Then, create a new DWORD (32-bit) value, and name it as NoAutoRebootWithLoggedOnUsers, then set its value as 1.

Ironically, you need to restart the Windows for the policy to take effect. But there is a workaround. Open an Administrator Command Prompt, and run the following command:

gpupdate /force

Prevent Updates from Installing

Windows 10 needs to reboot because some updates require mandatory restart. If no updates are installed, then no automatic restart will be done.

There are several ways to stop updates from installing in Windows 10:

  1. If the PC is connected only to Wi-Fi network, set the wireless connection as metered connection. When a computer is connected to metered connection (normally used when tethering to phone connected to mobile 3G or 4G network with limited bandwidth cap), Windows 10 will not download and install the updates automatically.

    Metered Connection

    To set a Wi-Fi network as metered connection, open Settings app, go to Network & Internet -> Wi-Fi. Then, click or tap on Advanced options link (prior to Windows 10 Anniversary Update) or on the Wi-Fi network name itself (Windows 10 Anniversary Update or later). Toggle the Set as metered connection to On.

  2. Force the Windows Update to only download updates, but wait for user input to start installing (hence therefore reboot). To do so, open Local Group Policy Editor (GPEdit.msc), the navigate to Computer Configuration -> Administrative Templates -> Windows Components -> Windows Update. Double click Configure Automatic Updates and select Enabled. Then configure it to use either option 2 – Notify for download and notify for install or 3 – Auto download and notify for install.

    Configure Automatic Updates

    After applying the settings, Windows Update will wait for user to hit the “Install” button before installing any updates.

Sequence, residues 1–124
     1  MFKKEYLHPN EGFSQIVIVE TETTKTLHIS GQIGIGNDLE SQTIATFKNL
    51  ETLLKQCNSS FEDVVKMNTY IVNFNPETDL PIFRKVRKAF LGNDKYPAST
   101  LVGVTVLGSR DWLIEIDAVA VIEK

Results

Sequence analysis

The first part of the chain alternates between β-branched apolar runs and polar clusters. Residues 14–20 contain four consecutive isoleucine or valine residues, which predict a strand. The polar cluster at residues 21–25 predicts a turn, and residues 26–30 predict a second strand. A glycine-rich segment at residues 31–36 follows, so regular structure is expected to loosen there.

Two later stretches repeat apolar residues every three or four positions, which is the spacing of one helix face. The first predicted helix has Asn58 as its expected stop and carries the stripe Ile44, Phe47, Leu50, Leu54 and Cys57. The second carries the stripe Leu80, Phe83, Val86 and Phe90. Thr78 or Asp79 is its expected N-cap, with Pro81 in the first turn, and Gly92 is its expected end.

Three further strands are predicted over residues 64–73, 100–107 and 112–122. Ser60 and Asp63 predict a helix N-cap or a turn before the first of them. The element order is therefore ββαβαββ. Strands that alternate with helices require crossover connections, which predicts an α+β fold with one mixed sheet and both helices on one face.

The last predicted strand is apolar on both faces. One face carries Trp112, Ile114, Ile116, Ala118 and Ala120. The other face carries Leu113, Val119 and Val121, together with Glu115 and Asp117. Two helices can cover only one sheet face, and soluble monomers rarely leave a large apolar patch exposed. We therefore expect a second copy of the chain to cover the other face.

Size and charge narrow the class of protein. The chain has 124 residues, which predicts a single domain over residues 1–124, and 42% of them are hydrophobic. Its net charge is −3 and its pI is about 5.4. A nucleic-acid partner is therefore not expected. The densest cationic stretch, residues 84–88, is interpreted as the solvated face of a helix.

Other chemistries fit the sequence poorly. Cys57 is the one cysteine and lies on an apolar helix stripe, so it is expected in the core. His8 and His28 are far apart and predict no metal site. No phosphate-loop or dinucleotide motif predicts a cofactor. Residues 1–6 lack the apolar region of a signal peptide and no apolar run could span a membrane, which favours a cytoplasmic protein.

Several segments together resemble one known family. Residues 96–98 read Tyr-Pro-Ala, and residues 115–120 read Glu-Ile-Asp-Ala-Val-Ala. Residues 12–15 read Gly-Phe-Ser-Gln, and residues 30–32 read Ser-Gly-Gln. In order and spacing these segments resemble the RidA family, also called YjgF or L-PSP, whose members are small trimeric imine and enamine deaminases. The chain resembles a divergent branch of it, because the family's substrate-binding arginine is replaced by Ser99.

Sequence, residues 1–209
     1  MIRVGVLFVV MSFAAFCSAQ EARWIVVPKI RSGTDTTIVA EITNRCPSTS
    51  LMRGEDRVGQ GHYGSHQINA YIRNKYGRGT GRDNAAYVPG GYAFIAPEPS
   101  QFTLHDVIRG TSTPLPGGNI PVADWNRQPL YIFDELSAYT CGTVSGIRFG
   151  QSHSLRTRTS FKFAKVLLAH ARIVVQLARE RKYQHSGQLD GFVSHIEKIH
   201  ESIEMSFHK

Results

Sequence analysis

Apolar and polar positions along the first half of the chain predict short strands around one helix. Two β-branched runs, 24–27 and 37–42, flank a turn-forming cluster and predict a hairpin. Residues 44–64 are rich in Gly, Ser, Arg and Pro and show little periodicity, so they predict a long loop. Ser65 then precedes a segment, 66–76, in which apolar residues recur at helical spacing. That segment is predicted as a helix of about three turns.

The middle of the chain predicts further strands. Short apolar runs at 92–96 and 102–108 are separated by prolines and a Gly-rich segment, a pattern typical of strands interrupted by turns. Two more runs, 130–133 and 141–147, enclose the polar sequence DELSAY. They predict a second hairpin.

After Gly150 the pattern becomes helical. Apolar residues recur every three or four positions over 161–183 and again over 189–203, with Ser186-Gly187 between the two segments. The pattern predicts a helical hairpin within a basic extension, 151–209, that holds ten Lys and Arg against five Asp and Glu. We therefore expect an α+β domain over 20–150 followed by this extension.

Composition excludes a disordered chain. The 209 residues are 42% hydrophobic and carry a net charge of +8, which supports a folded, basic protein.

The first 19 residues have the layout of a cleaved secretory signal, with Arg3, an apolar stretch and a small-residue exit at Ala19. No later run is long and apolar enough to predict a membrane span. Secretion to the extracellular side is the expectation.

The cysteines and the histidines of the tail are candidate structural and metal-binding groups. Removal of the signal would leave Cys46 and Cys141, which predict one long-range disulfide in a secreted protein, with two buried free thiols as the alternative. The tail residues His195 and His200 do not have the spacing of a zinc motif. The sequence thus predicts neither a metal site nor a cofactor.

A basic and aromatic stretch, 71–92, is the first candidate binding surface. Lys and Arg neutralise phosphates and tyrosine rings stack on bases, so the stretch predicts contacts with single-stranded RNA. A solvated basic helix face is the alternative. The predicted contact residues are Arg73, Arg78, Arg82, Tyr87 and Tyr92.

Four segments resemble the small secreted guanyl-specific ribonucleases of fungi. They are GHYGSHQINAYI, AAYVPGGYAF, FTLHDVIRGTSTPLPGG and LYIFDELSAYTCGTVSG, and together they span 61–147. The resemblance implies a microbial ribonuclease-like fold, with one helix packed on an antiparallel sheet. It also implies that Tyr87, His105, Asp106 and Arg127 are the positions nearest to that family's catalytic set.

Tip
    If you’re using Windows 10 Home edition, probably you won’t find the Local Group Policy Editor. You can set the value via Registry Editor (RegEdit) at the following registry key (create the keys if they’re not exist or not found):

    HKEY_LOCAL_MACHINE\SOFTWARE\Policies\Microsoft\Windows\WindowsUpdate\AU

    Then, create a new DWORD (32-bit) value, and name it as AUOptions, then set its value as either 2 (Notify for download and notify for install) or 3 (Auto download and notify for install).

By | 2016-12-09T08:38:24+00:00 December 9th, 2016|Categories: Windows|Tags: , , , |14 Comments

About the Author:

LK is a technology writer for Tech Journey with background of system and network administrator. He has be documenting his experiences in digital and technology world for over 15 years.Connect with LK through Tech Journey on Facebook, Twitter or Google+.
  • Tim Huckabay

    I have my Group Policy for Windows Update set to “Notify for download and notify for install” (option 2) in Windows 10 Pro Anniversary Edition (1607). This worked fine under build 1577 (prior to the Anniversary Edition), but now the setting is being completely ignored under build 1607 (Anniversary Edition). This is UNACCEPTABLE, and will cause me to reject the Anniversary Edition unless this BUG (I presume this is a bug rather than another bone-headed Microsoft ploy or “decision”) is quickly fixed! (I am a professional user of Microsoft products, including Windows, but this heavy-handed Microsoft *** is enough to make me reconsider.) Please help, as I refuse to live with an OS that forces me to shut down work EVER to perform updates I either do not want or don’t want “now.”

    • Stijn de Witt

      Completely agree! Just a couple of days ago, Windows tried to force me to reboot for updates *again*, so I clicked ‘Later’ and filled in the schedule… only to hit the ‘Update Now’ button in a reflex, as that is ‘conveniently’ placed below the form, where the OK button used to always be before Windows 10.

      What kind of moronic design team builds a user ‘experience’, where the user is presented with a schedule to plan an update **LATER**, then places a huge ‘Update NOW’ button below that form??

      Anyway, that update then proceeded to take almost 2 and a half hours, completely ruining the remainder of my workday. My rate is €120,- per hour…. Can I charge you for that MS?? Keep your dirty paws of my machine! I decide when I reboot. Not you MS!

      • “Anyway, that update then proceeded to take almost 2 and a half hours, completely ruining the remainder of my workday.”

        That is so fucked.

  • Anthony Dunk